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Minnesota legislators adjourn for year

ST. PAUL - Tax breaks and a park. A balanced budget and health-care reform. More education money and improved nursing home funding. Those are among issues Minnesota lawmakers approved during a rare Sunday session before adjourning for the year. T...

ST. PAUL - Tax breaks and a park. A balanced budget and health-care reform. More education money and improved nursing home funding.

Those are among issues Minnesota lawmakers approved during a rare Sunday session before adjourning for the year. The House ended its work at 11:44 p.m., followed four minutes later by the Senate.

The 201 legislators worked late into the night, the second time lawmakers met for business on a Sunday, following more than two weeks of intense negotiation that wrapped up early in the afternoon between Republican Gov. Tim Pawlenty and Democrats who control the Legislature.

"Minnesotans deserve tax relief and a state government that lives within its means," Pawlenty said. "This agreement delivers both."

House Speaker Margaret Anderson Kelliher, DFL-Minneapolis, said the agreement is good, given Minnesota's tough budget times.


The key session-ending bills passed with large margins late Sunday afternoon and night.

The 2008 legislative session will be remembered more about what happened in its first few weeks than its last few. Lawmakers came out of the chute at full speed, passing a 10-year $6.6 billion transportation funding package, supporting a constitutional amendment to raise the sales tax to fund outdoors and arts programs and funding state construction projects.

Late Sunday, lawmakers expanded the construction project bill, bringing it to $823 million. Sen. Keith Langseth, DFL-Glyndon, worked with legislative leaders and Pawlenty to add $117.5 million.

Lawmakers expected to pass tax, budget reduction and other remaining bills before midnight, then head home for the year.

It was not clear how many Minnesotans would benefit from property tax changes.

"This is good news for taxpayers," Rep. Paul Marquart, DFL-Dilworth said.

The agreement provides $130 million in property tax relief, Marquart said.

Legislative leaders and Pawlenty agreed to set a limit of 3.9 percent on how much cities larger than 2,500 population, counties and townships may raise property taxes each of the next three years.


Senate Property Tax Chairman Rod Skoe, DFL-Clearbrook, said the tax cap will hurt.

"It's going to put a squeeze on local governments," he said.

Cities would be allowed to increase property taxes beyond 3.9 percent to do things such as improving public safety.

The property tax cap should save taxpayers $67 million.

Part of the tax plan are provisions increasing Local Government Aid to cities $42 million in 20010-11 and upping county aid $22 million, with the theory that more state aid will help keep local property taxes low. Both are 4 percent increases.

Skoe said he would like to see still more aid sent to local governments. The Senate started with $90 million in local aid.

About 70,000 Minnesota homeowners - 5 percent of those in the state - would receive new or larger tax refunds than under an existing property tax refund program, Marquart said.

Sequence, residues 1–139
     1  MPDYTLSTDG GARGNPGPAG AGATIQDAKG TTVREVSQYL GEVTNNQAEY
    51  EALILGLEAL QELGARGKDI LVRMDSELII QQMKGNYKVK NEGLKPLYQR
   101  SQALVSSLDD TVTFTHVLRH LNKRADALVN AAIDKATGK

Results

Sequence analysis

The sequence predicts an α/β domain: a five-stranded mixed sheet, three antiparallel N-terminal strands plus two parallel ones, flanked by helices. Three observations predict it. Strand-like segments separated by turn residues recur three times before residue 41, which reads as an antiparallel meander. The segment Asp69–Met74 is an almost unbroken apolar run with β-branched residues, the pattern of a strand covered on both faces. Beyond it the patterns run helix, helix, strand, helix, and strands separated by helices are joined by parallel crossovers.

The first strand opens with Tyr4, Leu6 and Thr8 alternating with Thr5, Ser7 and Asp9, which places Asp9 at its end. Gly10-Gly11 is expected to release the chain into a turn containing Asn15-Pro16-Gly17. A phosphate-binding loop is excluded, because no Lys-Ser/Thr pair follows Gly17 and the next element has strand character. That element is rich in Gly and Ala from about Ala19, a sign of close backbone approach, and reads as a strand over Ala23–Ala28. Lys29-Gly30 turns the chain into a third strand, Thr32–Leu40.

Also in the session-ending agreement was a plan to settle the state's $935 million budget deficit by a series of program cuts and use of surplus money from various funds. And $109 million to plug the budget hole will come from closing a loophole some companies with operations overseas use to skirt state tax law.


Pawlenty's rural economic development program, known as the Job Opportunity Building Zones, was tightened slightly in the tax bill. Several proposals would have eliminated or curtailed the tax-free zone program.

Veterans and military personnel will get tax breaks under the bill.

The overall budget provides a $51-per-student increase in public school funding, and allows districts to transfer some funds from building improvement reserves to the classroom.

"Education has fared well," said Sen. LeRoy Stumpf, DFL-Plummer, the top senator on early-childhood-through-grade-12 education finance.

Yet Stumpf added: "Even though we're doing this to help the school districts, the reality is that cuts are going on out there."

Nursing home workers will see a 2 percent pay increase under the budget package.

Pawlenty got funds to buy parkland along Lake Vermilion and $10.1 million for a new Minneapolis Veterans' Home facility, while Democrats won approval for a $70 passenger rail line between downtown St. Paul and downtown Minneapolis. A health-care reform package was approved.



One public works project Langseth sought but that did not get money was $1 million to begin work on a Twin Cities-to-Duluth passenger rail project.

Also failing to get money was a $3.3 million proposal to move some Mesabi Range Community and Technical College programs to campus from a location four miles away.

Rep. Tom Rukavina, DFL-Virginia, said Pawlenty rejected the Mesabi request because he was punishing House Majority Leader Tony Sertich, DFL-Chisholm, for comments he made about Pawlenty.

"I don't think students and communities should suffer because Gov. Pawlenty can't take some jabbing," Rukavina said.

A proposal to spend $6 million for a new Red Lake schools kitchen was rejected by negotiators. Pawlenty earlier vetoed a proposal to fund a new school on the American Indian reservation.

A proposal to allow Bloomington to help build parking ramps to serve a Mall of America addition was cut back. The agreement allows the city to enact a sales tax on mall sales and a lodging tax across the city to fund the ramps.

Davis and Wente work for Forum Communications Co., which owns The Forum.

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